Other causes of appendicitis
Other causes of appendicitis are intestinal worms or parasites such as the Enterobius vermicularis or commonly called as the "pinworm." This worm overpopulates in the intestines, which hinders the passage of food through the intestines, thereby preventing digestion from happening. Sometimes, irritation due to ulcers in the gastrointestinal tract may result because of long-term diseases acquired in the body such as Crohn's disease.
Moreover, an abdominal injury or any trauma applied to the appendix either externally or internally can lead to an infection. At times, trauma can be exerted with pressure from any object, which is enough to cause damage to the appendix. Another cause of appendicitis could be the enlargement of the lymph cells inside and outside the walls of the appendix. The enlargement of such cells could ideally be the reason for gastrointestinal infections in the body. Any other foreign objects found in the appendix could cause an inflammation such as stones from food, getting shot and the bullet gets to the appendix or any air pellets from a gun.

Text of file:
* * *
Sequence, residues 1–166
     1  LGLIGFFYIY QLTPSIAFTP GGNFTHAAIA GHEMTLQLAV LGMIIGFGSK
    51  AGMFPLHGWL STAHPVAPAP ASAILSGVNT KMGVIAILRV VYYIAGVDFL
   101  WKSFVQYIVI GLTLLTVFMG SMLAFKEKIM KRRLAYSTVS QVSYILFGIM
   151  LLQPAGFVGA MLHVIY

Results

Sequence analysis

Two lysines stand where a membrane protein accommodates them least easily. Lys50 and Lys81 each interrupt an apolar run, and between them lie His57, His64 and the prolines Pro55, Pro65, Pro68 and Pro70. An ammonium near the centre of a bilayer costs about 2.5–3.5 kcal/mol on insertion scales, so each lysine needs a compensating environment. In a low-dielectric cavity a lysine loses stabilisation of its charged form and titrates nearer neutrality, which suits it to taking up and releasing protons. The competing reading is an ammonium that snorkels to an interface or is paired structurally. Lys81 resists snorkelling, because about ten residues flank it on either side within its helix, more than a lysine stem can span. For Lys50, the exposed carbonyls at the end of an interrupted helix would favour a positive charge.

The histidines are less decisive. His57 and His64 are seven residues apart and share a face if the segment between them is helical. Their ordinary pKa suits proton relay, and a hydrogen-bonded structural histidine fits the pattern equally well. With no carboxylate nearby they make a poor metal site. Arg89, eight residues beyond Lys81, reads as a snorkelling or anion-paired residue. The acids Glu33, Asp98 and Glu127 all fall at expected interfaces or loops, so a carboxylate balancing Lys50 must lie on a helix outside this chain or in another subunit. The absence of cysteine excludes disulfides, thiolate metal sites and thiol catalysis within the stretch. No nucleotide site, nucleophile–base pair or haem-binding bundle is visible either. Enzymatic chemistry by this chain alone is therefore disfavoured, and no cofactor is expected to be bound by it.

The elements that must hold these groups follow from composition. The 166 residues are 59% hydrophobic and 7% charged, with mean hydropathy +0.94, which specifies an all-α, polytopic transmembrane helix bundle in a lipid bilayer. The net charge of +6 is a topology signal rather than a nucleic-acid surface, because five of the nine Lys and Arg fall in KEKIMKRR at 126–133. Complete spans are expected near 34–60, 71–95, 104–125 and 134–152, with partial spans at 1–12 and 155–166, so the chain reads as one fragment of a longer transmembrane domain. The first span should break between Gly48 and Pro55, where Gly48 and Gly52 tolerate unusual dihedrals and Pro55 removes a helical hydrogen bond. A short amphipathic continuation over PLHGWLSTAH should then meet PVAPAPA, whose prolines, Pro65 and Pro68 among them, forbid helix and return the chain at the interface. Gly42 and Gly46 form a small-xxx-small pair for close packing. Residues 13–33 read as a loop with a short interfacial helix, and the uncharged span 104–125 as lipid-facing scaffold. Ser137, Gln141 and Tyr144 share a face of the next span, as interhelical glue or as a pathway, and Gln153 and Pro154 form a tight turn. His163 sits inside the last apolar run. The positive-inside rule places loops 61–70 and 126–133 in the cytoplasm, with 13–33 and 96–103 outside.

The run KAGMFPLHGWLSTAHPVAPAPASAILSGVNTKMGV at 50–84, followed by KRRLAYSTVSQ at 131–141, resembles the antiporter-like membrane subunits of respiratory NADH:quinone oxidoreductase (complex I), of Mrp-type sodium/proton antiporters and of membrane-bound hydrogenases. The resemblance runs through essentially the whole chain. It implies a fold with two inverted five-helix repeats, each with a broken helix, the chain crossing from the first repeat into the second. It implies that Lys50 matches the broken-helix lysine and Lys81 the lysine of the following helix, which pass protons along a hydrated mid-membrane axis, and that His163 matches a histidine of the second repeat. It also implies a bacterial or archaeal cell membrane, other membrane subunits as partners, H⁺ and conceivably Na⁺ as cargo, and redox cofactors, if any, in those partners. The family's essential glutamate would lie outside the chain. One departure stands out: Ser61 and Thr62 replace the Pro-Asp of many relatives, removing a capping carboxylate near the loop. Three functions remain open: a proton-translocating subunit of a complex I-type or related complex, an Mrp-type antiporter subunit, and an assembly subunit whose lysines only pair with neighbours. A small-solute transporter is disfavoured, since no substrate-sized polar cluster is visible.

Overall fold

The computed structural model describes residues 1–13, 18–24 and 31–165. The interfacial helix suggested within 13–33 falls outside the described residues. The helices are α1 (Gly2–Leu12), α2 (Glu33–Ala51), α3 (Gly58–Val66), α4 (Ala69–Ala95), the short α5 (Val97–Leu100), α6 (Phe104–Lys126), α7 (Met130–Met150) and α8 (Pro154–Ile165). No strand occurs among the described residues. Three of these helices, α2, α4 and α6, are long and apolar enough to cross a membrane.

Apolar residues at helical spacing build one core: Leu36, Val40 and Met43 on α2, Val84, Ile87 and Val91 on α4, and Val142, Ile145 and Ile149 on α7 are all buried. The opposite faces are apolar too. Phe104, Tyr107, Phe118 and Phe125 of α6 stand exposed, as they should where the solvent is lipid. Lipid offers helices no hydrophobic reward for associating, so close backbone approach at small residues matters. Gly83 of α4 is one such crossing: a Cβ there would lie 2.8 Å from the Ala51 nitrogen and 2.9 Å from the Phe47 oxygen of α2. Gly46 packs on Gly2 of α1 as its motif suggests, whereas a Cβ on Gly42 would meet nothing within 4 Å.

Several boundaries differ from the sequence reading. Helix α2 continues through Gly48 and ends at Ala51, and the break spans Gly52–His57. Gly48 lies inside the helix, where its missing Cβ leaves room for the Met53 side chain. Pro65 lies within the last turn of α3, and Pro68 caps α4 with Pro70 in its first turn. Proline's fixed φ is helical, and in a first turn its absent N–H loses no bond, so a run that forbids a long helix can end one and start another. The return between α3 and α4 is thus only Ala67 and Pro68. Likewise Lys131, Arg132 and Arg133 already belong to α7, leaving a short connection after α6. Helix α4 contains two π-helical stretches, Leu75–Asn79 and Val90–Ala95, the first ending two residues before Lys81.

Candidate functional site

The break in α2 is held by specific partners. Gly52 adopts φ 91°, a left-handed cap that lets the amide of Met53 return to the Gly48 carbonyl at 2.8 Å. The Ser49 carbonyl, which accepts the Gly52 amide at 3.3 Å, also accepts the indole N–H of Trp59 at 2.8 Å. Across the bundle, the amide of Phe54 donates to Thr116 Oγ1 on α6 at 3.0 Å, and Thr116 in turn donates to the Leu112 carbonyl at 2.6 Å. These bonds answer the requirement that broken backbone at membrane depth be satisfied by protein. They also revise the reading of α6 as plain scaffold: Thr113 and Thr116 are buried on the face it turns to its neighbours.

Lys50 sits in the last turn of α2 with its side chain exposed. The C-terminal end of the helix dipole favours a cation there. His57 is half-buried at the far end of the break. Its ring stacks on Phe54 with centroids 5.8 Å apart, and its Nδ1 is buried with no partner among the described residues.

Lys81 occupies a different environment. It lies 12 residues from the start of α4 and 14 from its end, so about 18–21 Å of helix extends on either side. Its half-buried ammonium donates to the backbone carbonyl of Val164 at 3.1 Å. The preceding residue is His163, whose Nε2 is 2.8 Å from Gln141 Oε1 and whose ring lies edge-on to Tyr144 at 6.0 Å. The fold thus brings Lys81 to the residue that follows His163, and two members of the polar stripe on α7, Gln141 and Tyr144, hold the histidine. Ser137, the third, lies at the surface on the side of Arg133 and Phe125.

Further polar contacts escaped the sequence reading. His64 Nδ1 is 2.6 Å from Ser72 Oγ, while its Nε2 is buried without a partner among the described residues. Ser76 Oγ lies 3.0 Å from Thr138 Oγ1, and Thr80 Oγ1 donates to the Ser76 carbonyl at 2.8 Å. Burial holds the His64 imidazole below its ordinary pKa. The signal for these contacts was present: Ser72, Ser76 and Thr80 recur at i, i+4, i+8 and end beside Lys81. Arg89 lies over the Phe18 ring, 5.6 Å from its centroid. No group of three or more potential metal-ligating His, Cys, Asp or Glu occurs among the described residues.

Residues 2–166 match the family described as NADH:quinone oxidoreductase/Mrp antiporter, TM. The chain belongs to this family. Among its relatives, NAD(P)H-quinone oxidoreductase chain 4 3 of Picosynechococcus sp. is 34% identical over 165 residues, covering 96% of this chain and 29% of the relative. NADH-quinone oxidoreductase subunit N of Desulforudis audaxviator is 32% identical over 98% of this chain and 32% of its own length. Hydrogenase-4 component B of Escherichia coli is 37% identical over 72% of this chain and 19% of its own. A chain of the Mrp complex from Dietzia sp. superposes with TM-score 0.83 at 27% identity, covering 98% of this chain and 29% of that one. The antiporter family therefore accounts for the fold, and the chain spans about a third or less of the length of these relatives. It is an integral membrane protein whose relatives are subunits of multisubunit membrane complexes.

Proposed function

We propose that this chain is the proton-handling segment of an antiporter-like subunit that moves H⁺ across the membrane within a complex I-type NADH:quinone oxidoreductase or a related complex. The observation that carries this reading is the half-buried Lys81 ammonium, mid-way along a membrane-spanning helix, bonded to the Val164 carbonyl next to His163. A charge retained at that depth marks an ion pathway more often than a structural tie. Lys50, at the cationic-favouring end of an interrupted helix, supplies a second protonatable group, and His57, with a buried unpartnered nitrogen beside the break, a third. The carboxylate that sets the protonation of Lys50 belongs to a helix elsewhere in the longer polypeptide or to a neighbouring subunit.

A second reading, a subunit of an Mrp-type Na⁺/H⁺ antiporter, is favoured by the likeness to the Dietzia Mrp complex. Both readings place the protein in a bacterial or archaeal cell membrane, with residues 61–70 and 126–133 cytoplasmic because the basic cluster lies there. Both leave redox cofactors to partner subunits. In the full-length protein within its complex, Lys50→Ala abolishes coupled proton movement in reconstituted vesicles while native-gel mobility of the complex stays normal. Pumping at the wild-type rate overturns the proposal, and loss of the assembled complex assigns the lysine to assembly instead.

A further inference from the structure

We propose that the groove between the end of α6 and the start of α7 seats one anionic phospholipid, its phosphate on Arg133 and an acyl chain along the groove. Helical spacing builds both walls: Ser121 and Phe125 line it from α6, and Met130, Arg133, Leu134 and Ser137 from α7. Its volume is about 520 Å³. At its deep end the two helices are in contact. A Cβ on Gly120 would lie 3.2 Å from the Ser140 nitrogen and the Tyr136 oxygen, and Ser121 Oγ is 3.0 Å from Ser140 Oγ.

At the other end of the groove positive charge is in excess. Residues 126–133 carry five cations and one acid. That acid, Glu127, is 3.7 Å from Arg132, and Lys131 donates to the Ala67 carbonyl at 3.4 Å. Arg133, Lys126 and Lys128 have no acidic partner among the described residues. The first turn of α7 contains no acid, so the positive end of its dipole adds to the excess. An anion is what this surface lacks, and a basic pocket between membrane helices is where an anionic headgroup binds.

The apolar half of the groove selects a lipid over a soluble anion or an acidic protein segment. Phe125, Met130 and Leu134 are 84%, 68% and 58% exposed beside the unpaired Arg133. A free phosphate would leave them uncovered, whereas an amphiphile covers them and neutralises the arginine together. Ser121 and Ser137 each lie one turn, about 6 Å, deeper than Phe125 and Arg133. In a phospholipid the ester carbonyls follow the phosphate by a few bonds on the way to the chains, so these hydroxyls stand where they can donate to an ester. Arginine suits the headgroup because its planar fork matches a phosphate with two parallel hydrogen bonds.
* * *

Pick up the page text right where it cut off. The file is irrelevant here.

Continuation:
When the appendix gets infected, bacteria can rapidly multiply. That is why the appendix swells up within hours. Usually, the appendix gets filled up with pus, which is a thick fluid that contains bacteria and dead cells. As the body responds to the infection, more white blood cells (WBC) are produced. When it is left untreated over a prolonged period of time, the inflammation can worsen leading to more complications. The pressure in the appendix gradually increases, which has an effect on the level of blood flowing through the inside and outside walls of the appendix.